Corporate Goliaths Discover Ways To Become Davids By Disrupting From Within  

Emily Porro

David versus Goliath, an ageless tale of a boy who defeated a giant. But why did the giant lose? According to Albert Castelltort Mikkelsen, partner and associate at Heywood & Sons, although the giant had strength and size in his favor, David had agility and speed.

Nowadays, the corporate world’s Davids – startups – have have more tools to enable success than ever before. Empowered by incubators, crowdfunding, and open software, for example, the gap between idea and market for startups is shorter than ever, posing a real threat to today’s corporate Goliaths.

“As corporations become big, they establish processes and become really good and efficient at the one thing they do. But they naturally lose agility,” said Mr. Mikkelsen.

Regaining the speed and agility of a startup within a corporate behemoth was a hot topic as business leaders from several multinational corporations shared effective models for achieving disruptive innovation with a standing-room-only crowd at Wednesday’s “Disruption Inside: Corporate Innovation Models” panel at the World Mobile Congress in Barcelona.

Bosch, a German multinational engineering and electronics company, traditionally innovated through acquisitions. However, the emergence of the Internet of Things drove the company to explore new models. The company embraced a university partnership model, naming an esteemed professor to lead a newly formed IoT lab within Bosch with the goal of finding new technology, applications, and revenue channels. “We already have creative employees applying for thousands of patents every year, but we need to get access to fresh eyes of people not caught up in thinking about the company,” said Markus Weinberger, director of the Bosch Internet of Things and Services Lab at the University of St. Gallen in Switzerland.

ServiZurich S.L.U, an insurance provider in Barcelona, has also embraced the internal startup model. Xavier Tuduri, CEO of ServiZurich, led the development of a program in which employees are asked to develop prototypes for their ideas in less than three months. They then collaborate with startups and universities through the Zurich Innovation Lab, which combines and experiments with internal and external ideas through “open innovation.” “We have 55,000 employees, and saw a lot of presentations showing disruptive ideas and asking for budget,” said Mr. Tuduri. “Unconventional thinking changes the way we see the world.”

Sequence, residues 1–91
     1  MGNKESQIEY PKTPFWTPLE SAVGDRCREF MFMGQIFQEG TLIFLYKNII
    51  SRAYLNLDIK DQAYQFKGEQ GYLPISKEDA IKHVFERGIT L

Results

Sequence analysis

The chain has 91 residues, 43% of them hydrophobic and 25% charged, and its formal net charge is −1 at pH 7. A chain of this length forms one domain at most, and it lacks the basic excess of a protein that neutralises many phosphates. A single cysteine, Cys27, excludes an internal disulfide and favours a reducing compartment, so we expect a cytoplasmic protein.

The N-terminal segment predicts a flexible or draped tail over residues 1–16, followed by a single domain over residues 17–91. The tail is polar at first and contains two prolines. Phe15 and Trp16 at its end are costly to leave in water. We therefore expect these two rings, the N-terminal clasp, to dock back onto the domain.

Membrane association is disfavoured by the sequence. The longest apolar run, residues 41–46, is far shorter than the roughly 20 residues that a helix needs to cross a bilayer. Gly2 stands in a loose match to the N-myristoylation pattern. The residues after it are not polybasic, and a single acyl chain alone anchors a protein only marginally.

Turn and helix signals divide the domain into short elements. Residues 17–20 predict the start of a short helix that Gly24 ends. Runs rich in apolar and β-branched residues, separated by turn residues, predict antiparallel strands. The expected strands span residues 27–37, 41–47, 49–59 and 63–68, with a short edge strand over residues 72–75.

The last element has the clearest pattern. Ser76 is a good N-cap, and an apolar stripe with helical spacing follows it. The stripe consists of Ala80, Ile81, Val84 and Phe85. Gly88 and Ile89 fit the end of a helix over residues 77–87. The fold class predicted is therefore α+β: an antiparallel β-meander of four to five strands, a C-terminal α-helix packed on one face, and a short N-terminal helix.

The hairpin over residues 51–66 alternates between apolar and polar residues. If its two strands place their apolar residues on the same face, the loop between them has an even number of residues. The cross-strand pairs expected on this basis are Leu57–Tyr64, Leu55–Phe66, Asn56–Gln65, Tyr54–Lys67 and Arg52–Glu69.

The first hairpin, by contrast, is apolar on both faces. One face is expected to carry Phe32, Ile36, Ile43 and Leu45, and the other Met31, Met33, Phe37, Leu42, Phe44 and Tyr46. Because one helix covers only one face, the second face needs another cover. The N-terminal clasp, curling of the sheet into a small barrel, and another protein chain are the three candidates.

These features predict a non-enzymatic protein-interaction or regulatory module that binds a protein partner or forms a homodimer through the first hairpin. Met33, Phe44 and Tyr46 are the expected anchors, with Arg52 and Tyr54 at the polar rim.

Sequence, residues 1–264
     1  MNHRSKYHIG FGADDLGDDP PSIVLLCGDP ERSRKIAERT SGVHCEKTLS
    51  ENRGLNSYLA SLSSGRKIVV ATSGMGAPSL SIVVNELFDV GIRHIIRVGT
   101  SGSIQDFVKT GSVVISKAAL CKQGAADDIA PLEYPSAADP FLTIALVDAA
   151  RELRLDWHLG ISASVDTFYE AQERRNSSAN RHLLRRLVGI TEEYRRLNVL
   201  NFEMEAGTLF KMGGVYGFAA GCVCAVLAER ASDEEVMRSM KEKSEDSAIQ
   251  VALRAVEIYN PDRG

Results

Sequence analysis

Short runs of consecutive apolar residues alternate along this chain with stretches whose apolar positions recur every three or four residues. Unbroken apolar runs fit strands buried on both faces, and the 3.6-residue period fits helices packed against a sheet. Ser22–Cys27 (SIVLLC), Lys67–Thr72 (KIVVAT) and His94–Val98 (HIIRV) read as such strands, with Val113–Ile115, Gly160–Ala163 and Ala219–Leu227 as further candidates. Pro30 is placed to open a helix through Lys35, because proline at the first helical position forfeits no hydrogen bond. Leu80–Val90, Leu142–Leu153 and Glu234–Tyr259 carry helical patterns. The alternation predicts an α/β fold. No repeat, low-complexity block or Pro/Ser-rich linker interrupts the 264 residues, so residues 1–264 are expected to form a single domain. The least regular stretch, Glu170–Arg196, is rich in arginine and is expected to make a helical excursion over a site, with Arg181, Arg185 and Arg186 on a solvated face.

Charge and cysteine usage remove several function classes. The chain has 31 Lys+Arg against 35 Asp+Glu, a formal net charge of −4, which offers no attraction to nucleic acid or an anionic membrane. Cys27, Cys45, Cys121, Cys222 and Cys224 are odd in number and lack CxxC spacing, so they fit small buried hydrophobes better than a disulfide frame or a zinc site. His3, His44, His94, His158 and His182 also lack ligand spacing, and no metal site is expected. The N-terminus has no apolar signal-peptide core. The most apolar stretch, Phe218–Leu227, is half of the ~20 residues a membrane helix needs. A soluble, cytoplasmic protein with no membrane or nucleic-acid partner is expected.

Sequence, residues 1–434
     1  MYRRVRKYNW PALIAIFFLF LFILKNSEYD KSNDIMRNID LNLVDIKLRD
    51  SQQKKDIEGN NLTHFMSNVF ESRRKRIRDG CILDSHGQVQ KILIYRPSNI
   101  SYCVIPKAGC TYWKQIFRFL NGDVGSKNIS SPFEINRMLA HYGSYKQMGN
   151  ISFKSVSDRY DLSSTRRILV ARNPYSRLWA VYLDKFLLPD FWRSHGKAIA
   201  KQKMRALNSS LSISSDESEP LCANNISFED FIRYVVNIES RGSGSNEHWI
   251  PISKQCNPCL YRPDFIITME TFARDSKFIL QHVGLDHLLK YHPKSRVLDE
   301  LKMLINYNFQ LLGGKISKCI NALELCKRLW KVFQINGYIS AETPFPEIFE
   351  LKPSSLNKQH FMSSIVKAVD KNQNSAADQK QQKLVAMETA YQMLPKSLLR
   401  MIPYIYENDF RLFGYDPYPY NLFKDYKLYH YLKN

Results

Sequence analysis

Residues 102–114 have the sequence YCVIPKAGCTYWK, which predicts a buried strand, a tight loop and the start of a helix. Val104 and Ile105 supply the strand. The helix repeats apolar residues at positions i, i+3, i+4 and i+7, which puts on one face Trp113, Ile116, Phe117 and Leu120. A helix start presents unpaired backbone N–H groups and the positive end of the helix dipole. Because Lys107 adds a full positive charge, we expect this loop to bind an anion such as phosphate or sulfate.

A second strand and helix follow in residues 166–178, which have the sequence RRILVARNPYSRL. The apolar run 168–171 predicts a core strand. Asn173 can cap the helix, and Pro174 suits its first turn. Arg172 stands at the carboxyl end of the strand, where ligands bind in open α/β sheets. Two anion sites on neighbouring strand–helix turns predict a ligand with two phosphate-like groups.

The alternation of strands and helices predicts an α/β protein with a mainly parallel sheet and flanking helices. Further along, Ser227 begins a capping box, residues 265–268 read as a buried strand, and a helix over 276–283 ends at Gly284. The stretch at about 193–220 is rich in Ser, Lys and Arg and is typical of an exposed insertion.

Claudia De Antoni, a director at Virgin, echoed Mr. Tuduri’s point on innovation coming from the inside. While the company employs innovation models and has incubated several of its companies, she remarked, “It takes a lot to be a Virgin business. It’s much easier to build it ourselves than try to change the DNA of someone else.” She remarked that Virgin has built nine successful billion dollar companies.

Meanwhile, BMW has decided to focus on working with external startups to accelerate innovation. According to Gregor Gimmy, founder and head of BMW’s Startup Garage, which defines itself as “a startup’s gateway into the global, multi-trillion dollar automotive industry,” startups are all about financing, and very little about clients. Mr. Gimmy saw an opportunity to better leverage the power of BMW by turning the traditional startup model on its head. “Instead of doing venture capital for startups, we need to be venture clients,” he said. Mr. Gimmy championed a model where a startup becomes a technology supplier from the first day, empowered to work with the BMW research and development team while being paid for the effort. The technology is validated and a prototype is built, followed by a long-term agreement, if it makes sense.

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Emily Porro

About Emily Porro

Emily Porro is a writer and blogger focusing on the people, products, services and technology driving global innovation across industries.